This was back in 2001. I had back surgery on 9/10/2001 and woke up early the next morning groggy from the meds but unable to sleep. By coincidence,
I had a subscription to New Yorker magazine at the time and was reading a copy in my hospital bed starting at about 530am (Pacific time). Just before
6am, I looked up at my suitemate's TV, which had been on all night, and saw the first tower burning. I immediately called my wife to let her know
something bad had happened to the towers in New York. We were both watching the feed, she at home, me in my hospital bed, discussing what might be
going on, when the second jet came into view making a hard left turn at full speed into the second tower. The whole thing seemed like a dream to me,
but unfortunately I was wide awake. I told my wife to get over to the hospital and get me out of there as soon as possible.
Things went down hill from there. Within three days I had developed a complication from my surgery involving a tear in my thecal sack and a spinal
fluid leak that forced open my surgical incision and caused an excrutiating condition called low-pressure headaches combined with radiculopathy. My
surgeon's protocol for this situation was to first patch me up and see if the leak stopped on its own. It didn't. Then he suggested I return to
the hospital for a spinal tap to take pressure off the leak and see if it would heal that way.
I'd had the spinal tap in for a day or so and was really struggling with it when, on the second night, my nurse asked if I would like some vicodin or
morphine for the pain and discomfort. By now I had developed a cyst full of spinal fluid under the (closed) incision, and any pressure on my low back
sent a lightning bolt down my leg. I had been switching off between vicodin and morphine depending on how bad it was, and this time I asked for the
morphine. We discussed the dose, because I didn't want too much, and she gave me 2cc's. She left the room and I must have nodded off because the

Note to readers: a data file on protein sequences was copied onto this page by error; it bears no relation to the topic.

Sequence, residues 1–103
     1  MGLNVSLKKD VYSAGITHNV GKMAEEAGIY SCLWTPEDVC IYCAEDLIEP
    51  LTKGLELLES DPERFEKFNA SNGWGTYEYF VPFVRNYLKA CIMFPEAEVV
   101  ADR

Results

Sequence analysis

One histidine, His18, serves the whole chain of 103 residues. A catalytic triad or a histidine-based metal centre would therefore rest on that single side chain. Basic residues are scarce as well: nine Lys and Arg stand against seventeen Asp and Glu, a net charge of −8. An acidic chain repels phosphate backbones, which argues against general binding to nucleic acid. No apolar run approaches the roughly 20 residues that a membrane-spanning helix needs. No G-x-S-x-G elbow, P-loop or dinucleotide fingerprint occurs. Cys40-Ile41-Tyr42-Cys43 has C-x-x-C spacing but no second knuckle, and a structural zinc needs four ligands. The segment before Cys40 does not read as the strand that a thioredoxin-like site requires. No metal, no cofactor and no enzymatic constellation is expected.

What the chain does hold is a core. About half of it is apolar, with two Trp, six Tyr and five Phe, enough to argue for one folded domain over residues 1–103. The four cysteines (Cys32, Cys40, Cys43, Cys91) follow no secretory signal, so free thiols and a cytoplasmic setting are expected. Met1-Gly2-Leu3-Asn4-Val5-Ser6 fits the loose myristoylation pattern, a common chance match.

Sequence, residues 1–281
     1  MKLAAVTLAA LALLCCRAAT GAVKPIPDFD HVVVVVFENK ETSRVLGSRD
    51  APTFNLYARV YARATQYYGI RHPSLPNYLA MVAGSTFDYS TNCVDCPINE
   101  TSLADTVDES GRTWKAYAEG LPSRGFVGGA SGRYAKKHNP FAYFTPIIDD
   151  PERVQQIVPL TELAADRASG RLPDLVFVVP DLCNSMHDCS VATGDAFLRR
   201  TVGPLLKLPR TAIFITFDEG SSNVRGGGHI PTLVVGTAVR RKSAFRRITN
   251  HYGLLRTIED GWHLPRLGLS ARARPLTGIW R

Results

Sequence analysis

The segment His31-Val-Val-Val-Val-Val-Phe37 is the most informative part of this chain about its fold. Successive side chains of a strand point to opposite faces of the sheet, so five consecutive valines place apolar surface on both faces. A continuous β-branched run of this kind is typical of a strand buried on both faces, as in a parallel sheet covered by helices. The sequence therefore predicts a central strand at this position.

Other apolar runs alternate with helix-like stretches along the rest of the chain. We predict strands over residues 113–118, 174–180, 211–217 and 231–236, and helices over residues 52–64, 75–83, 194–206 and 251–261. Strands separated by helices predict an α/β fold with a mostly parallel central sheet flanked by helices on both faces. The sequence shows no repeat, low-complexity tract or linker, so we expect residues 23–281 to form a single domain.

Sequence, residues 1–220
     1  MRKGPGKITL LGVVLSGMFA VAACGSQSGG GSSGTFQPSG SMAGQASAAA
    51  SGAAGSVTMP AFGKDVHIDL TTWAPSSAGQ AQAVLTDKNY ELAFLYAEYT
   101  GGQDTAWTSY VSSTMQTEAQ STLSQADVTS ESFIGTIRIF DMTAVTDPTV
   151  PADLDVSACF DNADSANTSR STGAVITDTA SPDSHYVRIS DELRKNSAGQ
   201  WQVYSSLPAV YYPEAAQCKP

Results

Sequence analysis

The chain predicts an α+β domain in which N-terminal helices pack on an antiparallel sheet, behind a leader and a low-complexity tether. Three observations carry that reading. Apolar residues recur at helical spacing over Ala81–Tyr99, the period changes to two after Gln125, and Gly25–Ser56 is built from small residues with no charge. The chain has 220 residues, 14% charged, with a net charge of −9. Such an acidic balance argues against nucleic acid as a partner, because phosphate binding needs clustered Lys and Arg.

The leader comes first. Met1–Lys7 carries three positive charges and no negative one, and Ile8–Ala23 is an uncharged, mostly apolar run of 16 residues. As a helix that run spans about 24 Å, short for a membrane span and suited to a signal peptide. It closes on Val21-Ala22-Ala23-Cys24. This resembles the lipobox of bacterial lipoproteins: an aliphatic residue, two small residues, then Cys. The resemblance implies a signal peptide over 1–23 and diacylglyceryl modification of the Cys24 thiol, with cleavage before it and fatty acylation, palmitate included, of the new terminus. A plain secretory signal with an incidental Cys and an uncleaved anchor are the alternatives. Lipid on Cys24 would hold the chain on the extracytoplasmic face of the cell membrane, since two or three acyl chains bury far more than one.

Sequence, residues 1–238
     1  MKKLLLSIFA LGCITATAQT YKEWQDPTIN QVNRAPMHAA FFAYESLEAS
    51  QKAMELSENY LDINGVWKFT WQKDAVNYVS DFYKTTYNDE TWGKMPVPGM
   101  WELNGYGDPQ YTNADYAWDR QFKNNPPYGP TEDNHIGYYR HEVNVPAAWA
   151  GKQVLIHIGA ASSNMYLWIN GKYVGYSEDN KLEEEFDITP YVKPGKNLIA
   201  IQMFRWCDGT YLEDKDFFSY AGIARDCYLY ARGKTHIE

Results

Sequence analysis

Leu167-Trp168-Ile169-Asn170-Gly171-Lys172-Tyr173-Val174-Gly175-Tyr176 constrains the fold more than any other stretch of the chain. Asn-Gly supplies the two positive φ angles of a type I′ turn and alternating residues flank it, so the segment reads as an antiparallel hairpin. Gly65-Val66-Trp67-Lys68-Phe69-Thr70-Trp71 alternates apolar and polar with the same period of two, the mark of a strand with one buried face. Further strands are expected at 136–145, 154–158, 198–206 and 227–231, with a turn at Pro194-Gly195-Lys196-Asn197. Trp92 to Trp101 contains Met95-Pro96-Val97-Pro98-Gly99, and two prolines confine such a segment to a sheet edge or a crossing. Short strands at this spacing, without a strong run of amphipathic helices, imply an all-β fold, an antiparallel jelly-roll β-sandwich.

next thing I knew, I was up around the ceiling and headed out the door of my hospital room. I didn't realize at first that I wasn't in my body, and
I never looked back into my room or anything. I went out the door of my room and took a left down the hallway. I made a right into what turned out
to be the pharmacy or break room. I realized at this point that I wasn't in my body because I went right through the door without opening it. There
were some open cupboards full of what looked like linen and gowns across the room in front of me, and to my left were two people standing over a small
countertop or mini-refrigerator. There was something on the countertop between them I could just barely make out. My perspective was up high, like
from the ceiling or something. One of the individuals was my nurse, and the other was a male with his back to me. My nurse became aware of me
somehow right away, and prompted the male with his back to me that I was there. I got the feeling that I had interrupted them, and wasn't welcome.
The male turned and looked up at me, kind of hunching his shoulders and leaning away, and my nurse was looking at me, too. Both pairs of eyes were a
blazing electric blue. It kind of freaked me out. The male waved his arm at me, and I couldn't hear anything, but I could swear he hissed. The
message I got was 'get out of here'. I must have moved backwards out the door, through the hall, and into my room because the next thing I knew I
was in my body again, awake, and asking myself what on earth just happened to me. A few minutes later, the male nurse that I had seen during my OOBE
but not up until that point from my body looked in the door and asked if everything was ok. I recognized him immediately, except his eyes weren't
glowing electric blue anymore.
In the days that followed, I was able to get up and around a little. I re-traced the route I took in my OOBE, and looked in the window of the room I
had entered. Sure enough, there was an open cupboard full of linens and gowns across the room, and a mini-refrigerator with a little counter on top
inside to the left. Weird. There was no way I could have seen any of this on my way into the hospital. I had been in excrutiating pain and
immediately admitted through the ER to my bed, where I lay down and was immediately medicated.
The spinal tap didn't work, either, and I ended up having corrective surgery to seal my thecal sack and stop the leak. I've always wondered what
was I doing up by the ceiling like that, and why were the nurses' eyes glowing electric blue? Any thoughts or feedback or sharing of similar
experiences from other members would be greatly appreciated.